In this charming follow-up to Wiggle, Cronin, Menchin and their doggie hero guide readers in life lessons as a series of literal ups and downs. "If you bounce into a puddle," the chipper canine says as he leaps off a lamppost à la Gene Kelly in Singin' in the Rain, "it's best to bounce in boots." The author completes the rhyme on the following spread, which finds the pooch with a spring in his step in the produce department: "If you mustbounce in the market,/ it's best notto bounce in fruits!" Parents will appreciate the words of caution when bouncing gets out of hand ("Bouncing with your best friendis called a bouncing double./ Bouncing on the couch is called bigbouncing trouble"; Menchin shows the two airborne with only the couch's back visible, then tumbling to the floor with only the furniture's feet showing). The artist works in bold ink outlines and bright, even digital colors, and uses whimsical photographic images here and there for comic punctuation. Cronin and Menchin build to a bravura finish, with an allusion to love: "A bounce can turn into a bump,/ a bump into a fall./ But it's better to have bouncedand bumped.../ than neverto have bounced at all!" (the long-eared hero sports a plethora of bandages, but also a wistful smile). Readers young and old will likely enjoy bouncing through these pages. Ages 1-4. (May)Copyright 2007 Reed Business Information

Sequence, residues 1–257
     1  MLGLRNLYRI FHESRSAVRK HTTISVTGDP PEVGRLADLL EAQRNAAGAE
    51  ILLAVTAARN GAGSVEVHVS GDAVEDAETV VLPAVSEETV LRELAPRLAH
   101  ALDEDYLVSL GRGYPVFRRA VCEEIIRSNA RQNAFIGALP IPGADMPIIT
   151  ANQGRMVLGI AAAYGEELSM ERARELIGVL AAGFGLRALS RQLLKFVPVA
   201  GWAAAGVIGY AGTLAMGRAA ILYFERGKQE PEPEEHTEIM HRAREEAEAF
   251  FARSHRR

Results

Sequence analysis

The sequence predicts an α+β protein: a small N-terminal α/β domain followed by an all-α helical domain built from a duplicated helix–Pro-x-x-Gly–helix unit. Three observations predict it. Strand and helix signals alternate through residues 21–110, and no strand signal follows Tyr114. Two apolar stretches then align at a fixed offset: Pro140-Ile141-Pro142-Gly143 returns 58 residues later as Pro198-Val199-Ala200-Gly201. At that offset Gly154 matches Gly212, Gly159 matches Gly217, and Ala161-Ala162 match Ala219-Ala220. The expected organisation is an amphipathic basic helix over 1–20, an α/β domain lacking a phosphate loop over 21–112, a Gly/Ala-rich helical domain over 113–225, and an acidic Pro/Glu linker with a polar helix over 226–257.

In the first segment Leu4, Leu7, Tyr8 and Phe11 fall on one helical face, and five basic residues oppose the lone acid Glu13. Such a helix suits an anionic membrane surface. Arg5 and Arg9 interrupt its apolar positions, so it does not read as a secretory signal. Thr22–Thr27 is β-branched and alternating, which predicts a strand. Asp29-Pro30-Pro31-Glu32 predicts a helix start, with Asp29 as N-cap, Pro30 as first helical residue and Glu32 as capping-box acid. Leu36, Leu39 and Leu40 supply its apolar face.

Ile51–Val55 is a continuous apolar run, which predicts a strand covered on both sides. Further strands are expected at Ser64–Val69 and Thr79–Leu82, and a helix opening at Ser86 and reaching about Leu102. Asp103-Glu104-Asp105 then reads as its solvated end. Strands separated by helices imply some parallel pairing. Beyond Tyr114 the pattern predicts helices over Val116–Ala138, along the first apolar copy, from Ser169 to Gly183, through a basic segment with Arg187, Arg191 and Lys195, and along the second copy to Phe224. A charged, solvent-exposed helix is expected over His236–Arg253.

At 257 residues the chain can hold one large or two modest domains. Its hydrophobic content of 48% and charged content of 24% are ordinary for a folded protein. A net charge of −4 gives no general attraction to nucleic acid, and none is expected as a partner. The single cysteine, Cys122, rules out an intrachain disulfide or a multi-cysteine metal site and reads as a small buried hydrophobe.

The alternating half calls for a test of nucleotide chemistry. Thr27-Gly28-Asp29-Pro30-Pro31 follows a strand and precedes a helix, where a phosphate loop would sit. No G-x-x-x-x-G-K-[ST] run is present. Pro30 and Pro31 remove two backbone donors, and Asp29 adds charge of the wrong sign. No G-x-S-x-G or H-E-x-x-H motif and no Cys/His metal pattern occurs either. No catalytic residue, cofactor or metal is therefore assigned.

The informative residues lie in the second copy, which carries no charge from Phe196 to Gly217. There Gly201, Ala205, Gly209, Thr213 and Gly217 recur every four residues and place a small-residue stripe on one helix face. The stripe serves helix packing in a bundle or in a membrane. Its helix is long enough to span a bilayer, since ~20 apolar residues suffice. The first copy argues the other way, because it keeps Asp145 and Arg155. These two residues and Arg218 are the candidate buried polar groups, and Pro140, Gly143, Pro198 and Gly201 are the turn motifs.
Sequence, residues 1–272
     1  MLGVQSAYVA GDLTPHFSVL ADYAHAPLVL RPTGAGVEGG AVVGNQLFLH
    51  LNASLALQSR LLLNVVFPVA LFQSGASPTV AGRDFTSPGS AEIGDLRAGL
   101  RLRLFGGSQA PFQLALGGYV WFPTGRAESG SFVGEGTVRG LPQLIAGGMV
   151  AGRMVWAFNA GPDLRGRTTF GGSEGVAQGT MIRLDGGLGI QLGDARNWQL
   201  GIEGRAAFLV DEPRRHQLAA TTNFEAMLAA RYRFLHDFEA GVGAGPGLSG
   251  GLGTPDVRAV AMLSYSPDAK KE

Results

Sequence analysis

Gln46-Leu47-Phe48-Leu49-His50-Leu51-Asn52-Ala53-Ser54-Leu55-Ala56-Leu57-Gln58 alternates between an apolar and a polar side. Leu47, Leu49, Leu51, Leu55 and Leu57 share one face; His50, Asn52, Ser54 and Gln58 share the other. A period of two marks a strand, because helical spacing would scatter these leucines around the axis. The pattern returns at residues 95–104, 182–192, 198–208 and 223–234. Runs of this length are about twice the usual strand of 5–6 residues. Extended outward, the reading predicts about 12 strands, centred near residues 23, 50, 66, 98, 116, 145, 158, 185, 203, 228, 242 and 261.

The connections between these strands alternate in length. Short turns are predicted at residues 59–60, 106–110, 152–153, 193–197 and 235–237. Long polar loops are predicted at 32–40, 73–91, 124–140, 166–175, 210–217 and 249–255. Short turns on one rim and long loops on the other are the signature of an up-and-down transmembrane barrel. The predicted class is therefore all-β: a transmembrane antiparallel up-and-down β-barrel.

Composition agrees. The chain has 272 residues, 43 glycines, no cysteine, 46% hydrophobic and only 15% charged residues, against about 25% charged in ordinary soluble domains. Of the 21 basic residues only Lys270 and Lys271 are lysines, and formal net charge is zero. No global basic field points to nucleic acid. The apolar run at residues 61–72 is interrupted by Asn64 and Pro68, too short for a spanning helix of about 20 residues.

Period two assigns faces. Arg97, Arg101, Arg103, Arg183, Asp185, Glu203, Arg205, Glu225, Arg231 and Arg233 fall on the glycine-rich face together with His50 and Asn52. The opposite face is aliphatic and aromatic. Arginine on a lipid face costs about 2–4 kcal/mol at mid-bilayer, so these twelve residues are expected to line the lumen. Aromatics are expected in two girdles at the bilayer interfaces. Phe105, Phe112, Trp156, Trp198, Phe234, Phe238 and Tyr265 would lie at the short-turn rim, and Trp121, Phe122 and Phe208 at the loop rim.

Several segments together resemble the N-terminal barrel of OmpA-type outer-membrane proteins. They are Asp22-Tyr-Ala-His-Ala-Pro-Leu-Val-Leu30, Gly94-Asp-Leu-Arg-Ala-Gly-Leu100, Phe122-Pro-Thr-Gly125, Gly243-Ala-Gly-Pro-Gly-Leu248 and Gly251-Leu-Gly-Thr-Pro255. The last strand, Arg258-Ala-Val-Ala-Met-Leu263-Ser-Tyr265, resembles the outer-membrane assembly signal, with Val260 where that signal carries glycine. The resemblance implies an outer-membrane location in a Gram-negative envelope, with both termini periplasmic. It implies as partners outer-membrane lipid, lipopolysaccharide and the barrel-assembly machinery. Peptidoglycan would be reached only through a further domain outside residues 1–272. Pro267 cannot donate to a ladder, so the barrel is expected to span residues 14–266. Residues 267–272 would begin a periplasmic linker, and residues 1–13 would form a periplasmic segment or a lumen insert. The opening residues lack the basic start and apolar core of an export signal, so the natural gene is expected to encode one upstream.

Bounceby Doreen Cronin, Scott Menchin
Bounce a ball right off your hands. Bounce it off your toes. Try to bounce a beach ball on the tip of your nose! Doreen Cronin and Scott Menchin, who had toddlers all over America jiggling with Wiggle, invite them now to hop, leap, pounce, and bounce to their hearts' content (though not on couches!). Because, after all, it's better to have bounced and bumped than… See more details below
Bounce a ball right off your hands. Bounce it off your toes. Try to bounce a beach ball on the tip of your nose! Doreen Cronin and Scott Menchin, who had toddlers all over America jiggling with Wiggle, invite them now to hop, leap, pounce, and bounce to their hearts' content (though not on couches!). Because, after all, it's better to have bounced and bumped than never to have bounced at all.
The frenetic pooch featured in Wiggle (S & S, 2005) is back with a decided bounce in its step. Readers are invited to jump, hop, leap, and bounce balls off their noses and toes along with the playful pooch. Rhymes weave in and out of the pen-and-ink and digitally colored spreads. The cartoon art is eye-catching and as playful as the text, featuring photographed objects like curtains, cabbages, and caps. A final bump and fall brings the silliness to a satisfying conclusion, "But it's better to have bounced and bumped...than never to have bounced at all!" Preschoolers will relish the fun and respond to the infectious energy of this title.
Marge Loch-WoutersCopyright 2006 Reed Business Information.
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